When a defendant files a case-dispositive motion early in a Delaware proceeding, the parties often informally agree to stay discovery pending resolution of the motion. Where the plaintiff seeks to proceed with discovery notwithstanding the pendency of the potentially case-dispositive motion, a common tactic used by defendants is to file a motion to stay discovery while the motion to dismiss is pending. The argument is that if the case is dismissed, the expense of undertaking discovery may be avoided while the motion to dismiss is pending.
Delaware courts have the power to stay discovery in appropriate cases, but a stay of discovery pending a dispositive motion is not automatic. Absent special circumstances, discovery will normally be stayed pending the determination of a motion to dismiss the complaint.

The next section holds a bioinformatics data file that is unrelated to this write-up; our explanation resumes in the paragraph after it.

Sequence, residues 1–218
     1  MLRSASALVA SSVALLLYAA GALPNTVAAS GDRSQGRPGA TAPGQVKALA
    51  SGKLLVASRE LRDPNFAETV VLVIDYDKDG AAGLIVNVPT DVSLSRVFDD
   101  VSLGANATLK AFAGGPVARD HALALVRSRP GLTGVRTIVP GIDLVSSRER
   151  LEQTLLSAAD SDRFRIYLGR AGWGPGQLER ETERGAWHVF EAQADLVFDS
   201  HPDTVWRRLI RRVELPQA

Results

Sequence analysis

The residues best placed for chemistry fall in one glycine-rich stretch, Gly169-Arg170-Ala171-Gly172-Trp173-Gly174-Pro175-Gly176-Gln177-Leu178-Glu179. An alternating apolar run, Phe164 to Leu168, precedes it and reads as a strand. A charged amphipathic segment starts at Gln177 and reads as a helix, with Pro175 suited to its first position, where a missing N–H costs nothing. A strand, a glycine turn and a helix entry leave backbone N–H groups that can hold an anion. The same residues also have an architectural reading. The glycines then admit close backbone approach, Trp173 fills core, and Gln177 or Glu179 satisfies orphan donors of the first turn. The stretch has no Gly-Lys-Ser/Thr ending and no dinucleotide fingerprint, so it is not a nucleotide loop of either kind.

In Deane v. Maginn, C.A. No. 2017-0346-LWW (Del. Ch. Sept. 8, 2021), the court found that such special or unique circumstances warranted denying a stay. In its decision, the court outlined three specific, non-exhaustive factors in favor of denying a stay including: (1) where the dispositive motion does not offer a “reasonable expectation” of avoiding further litigation; (2) where the plaintiff seeks interim relief; and (3) where the plaintiff may be prejudiced by delay because information will not be available in the future. The party seeking to stay discovery bears the burden of establishing some practical reason why discovery should be stayed.